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Journal Article

Hybridization facilitates evolutionary rescue

MPS-Authors
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Greig,  Duncan
Max-Planck Research Group Experimental Evolution, Max Planck Institute for Evolutionary Biology, Max Planck Society;

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Stelkens_et_al_2014.pdf
(Publisher version), 186KB

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Citation

Stelkens, R. B., Brockhurst, M. A., Hurst, G. D. D., & Greig, D. (2014). Hybridization facilitates evolutionary rescue. Evolutionary Applications, 7(10), 1209-1217. doi:10.1111/eva.12214.


Cite as: http://hdl.handle.net/11858/00-001M-0000-0024-5491-2
Abstract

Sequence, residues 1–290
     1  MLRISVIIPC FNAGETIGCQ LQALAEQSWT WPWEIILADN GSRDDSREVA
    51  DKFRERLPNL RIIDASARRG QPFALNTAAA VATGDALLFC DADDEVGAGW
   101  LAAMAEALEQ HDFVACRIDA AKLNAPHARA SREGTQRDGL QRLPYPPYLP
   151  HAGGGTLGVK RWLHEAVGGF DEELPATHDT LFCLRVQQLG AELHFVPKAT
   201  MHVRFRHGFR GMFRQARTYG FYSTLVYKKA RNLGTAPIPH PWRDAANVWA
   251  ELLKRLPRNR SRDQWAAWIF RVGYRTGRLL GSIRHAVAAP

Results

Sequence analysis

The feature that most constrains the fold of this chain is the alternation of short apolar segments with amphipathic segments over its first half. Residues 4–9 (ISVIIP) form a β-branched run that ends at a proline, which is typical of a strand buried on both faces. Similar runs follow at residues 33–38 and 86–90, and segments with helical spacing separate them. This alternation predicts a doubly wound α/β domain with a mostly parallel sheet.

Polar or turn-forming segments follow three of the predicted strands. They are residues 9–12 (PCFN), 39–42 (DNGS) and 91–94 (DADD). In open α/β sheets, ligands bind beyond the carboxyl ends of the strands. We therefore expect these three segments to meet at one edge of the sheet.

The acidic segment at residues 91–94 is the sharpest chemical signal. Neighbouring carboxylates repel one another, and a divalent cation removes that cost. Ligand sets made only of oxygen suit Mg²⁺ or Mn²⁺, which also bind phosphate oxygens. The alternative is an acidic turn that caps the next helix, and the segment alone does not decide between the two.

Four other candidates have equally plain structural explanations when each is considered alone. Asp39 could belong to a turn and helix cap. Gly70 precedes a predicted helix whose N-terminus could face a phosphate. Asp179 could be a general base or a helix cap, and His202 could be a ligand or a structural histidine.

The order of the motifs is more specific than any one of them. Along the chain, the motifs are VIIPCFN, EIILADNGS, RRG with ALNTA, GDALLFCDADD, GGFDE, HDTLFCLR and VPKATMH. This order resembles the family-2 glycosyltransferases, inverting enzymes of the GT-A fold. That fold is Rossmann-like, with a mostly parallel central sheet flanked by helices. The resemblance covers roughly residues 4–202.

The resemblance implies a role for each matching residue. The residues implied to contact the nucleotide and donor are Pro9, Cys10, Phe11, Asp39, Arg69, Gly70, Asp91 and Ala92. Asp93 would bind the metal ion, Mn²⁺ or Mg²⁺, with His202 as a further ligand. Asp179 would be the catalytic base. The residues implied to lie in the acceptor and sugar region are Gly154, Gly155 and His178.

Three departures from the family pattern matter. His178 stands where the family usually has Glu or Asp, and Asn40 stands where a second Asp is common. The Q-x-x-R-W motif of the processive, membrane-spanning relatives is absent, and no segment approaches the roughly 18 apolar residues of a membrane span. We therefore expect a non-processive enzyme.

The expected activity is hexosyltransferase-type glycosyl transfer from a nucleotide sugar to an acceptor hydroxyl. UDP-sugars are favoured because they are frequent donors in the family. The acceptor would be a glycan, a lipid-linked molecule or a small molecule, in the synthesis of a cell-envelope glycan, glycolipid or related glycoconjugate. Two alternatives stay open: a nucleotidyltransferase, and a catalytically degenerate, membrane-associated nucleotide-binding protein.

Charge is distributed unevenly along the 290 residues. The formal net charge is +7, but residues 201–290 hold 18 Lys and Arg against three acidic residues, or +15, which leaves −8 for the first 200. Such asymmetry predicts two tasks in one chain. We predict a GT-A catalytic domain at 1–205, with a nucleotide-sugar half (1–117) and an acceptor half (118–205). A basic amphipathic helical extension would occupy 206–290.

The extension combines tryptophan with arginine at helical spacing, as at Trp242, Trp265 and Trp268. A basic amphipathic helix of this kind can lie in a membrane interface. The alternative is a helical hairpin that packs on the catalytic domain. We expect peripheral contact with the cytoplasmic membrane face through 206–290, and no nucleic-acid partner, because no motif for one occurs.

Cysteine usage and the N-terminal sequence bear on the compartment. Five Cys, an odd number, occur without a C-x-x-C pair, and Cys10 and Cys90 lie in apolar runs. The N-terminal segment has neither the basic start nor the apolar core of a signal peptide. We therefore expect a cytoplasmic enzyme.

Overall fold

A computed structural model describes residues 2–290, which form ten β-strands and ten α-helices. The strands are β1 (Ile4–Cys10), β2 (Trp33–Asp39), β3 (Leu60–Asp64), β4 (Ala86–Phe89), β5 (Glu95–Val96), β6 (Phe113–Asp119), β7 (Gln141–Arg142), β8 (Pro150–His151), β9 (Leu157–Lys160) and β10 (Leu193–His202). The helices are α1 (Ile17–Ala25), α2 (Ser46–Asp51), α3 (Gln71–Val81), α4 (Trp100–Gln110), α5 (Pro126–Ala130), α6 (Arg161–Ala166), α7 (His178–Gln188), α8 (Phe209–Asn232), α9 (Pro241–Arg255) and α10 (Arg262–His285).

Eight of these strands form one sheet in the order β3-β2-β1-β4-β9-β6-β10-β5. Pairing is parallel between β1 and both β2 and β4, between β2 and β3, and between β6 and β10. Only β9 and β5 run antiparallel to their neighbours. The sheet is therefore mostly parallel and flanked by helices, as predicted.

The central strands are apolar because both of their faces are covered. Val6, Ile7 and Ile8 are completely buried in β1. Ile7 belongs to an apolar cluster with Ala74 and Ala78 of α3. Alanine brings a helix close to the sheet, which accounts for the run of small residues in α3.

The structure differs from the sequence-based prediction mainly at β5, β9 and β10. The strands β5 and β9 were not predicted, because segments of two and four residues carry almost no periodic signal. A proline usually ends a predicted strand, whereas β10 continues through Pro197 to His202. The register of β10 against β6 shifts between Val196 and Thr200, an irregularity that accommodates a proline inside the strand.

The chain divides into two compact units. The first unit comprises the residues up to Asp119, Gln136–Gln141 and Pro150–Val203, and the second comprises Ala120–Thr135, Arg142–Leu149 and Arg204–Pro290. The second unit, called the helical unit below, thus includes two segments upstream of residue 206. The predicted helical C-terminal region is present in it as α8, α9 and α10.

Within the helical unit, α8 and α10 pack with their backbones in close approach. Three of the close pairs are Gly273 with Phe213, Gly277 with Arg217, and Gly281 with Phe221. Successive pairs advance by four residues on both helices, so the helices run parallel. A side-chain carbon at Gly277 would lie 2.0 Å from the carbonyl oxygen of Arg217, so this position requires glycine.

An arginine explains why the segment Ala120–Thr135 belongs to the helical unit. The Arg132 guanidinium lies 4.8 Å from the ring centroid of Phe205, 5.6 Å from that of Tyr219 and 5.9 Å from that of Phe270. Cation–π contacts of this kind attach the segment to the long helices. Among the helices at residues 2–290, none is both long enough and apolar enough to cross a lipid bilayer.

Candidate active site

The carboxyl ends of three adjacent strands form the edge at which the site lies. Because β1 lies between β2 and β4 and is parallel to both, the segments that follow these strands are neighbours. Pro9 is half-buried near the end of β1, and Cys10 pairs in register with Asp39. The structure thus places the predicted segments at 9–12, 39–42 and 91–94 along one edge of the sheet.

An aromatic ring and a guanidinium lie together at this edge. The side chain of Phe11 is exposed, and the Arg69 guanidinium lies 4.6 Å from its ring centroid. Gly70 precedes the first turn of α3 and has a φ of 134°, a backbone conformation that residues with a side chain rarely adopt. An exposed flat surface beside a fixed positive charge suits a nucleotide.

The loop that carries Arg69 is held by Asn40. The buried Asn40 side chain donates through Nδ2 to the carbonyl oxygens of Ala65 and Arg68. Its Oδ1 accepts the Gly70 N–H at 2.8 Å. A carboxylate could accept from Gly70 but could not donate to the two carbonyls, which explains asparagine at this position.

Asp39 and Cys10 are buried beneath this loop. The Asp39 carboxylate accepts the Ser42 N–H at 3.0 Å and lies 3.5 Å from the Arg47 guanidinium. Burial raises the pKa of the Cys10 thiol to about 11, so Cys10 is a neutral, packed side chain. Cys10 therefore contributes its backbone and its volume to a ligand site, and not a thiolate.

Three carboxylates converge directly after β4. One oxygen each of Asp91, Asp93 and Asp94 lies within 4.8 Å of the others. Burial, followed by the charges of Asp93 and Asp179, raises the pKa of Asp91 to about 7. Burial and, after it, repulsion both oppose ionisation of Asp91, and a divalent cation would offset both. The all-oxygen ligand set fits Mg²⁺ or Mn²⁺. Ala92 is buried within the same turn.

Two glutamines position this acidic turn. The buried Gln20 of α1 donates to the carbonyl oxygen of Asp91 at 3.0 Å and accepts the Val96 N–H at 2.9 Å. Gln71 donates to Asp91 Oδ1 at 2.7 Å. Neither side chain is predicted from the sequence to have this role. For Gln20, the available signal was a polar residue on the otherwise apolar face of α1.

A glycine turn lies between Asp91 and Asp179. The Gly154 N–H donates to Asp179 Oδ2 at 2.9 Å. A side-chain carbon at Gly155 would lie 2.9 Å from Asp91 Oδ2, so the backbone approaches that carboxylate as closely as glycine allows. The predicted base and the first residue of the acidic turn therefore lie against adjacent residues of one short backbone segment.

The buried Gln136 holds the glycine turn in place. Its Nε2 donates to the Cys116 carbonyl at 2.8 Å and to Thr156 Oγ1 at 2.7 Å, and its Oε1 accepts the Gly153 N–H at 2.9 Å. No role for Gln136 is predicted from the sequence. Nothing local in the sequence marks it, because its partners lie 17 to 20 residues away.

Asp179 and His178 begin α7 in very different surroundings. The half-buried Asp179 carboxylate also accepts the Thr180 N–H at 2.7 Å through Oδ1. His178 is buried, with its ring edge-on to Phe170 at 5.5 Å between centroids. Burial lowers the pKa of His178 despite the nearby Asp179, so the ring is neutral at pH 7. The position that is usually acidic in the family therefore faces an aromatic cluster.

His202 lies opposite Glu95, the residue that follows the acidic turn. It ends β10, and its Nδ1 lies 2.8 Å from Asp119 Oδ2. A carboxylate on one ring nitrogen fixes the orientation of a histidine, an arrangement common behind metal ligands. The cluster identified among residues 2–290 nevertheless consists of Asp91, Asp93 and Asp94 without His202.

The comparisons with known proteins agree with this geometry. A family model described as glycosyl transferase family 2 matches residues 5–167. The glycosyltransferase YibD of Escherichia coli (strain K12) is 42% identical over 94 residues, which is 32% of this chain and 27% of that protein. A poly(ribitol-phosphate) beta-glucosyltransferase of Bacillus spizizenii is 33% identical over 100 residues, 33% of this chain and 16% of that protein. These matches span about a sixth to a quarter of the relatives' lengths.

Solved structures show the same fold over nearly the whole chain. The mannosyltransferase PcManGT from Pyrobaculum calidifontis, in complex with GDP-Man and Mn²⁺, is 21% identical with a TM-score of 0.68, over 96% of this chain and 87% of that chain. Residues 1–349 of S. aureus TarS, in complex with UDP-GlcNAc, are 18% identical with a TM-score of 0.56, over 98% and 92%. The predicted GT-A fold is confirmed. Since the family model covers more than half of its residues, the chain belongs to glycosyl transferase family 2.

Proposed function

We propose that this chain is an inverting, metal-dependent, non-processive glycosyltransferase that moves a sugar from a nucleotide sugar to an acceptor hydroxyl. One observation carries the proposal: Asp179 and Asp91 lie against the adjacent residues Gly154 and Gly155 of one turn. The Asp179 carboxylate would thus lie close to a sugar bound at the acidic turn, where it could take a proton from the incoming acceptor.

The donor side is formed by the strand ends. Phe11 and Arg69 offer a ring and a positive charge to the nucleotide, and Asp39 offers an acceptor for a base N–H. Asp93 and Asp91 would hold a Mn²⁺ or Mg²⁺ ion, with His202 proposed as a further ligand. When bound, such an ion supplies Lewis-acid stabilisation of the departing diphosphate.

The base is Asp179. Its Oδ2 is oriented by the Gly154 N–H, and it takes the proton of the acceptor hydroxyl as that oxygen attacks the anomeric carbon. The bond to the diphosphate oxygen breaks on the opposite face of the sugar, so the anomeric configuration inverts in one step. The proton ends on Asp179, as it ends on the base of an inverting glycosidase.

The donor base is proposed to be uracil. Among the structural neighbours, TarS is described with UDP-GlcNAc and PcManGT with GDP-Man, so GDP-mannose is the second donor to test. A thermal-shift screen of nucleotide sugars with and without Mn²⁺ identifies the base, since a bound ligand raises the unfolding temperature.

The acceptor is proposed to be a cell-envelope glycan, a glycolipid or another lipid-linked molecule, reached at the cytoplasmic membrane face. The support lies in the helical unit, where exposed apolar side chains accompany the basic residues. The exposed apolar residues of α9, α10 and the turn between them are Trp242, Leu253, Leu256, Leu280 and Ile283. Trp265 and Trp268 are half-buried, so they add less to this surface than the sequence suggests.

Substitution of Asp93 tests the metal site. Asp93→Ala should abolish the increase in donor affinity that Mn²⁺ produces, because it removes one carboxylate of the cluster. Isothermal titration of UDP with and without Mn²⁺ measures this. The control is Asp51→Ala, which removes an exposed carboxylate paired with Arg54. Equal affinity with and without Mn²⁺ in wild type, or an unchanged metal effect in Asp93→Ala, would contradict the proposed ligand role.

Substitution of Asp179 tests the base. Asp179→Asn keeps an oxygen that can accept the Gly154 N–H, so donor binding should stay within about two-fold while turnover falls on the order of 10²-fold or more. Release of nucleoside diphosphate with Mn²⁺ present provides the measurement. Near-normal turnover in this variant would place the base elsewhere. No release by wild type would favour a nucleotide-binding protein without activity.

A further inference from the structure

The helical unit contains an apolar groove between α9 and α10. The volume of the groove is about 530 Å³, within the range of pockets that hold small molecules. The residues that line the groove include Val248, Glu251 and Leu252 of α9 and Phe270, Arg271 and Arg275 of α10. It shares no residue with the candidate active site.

The resilience of populations to rapid environmental degradation is a major concern for biodiversity conservation. When environments deteriorate to lethal levels, species must evolve to adapt to the new conditions to avoid extinction. Here, we test the hypothesis that evolutionary rescue may be enabled by hybridization, because hybridization increases genetic variability. Using experimental evolution, we show that interspecific hybrid populations of Saccharomyces yeast adapt to grow in more highly degraded environments than intraspecific and parental crosses, resulting in survival rates far exceeding those of their ancestors. We conclude that hybridization can increase evolutionary responsiveness and that taxa able to exchange genes with distant relatives may better survive rapid environmental change.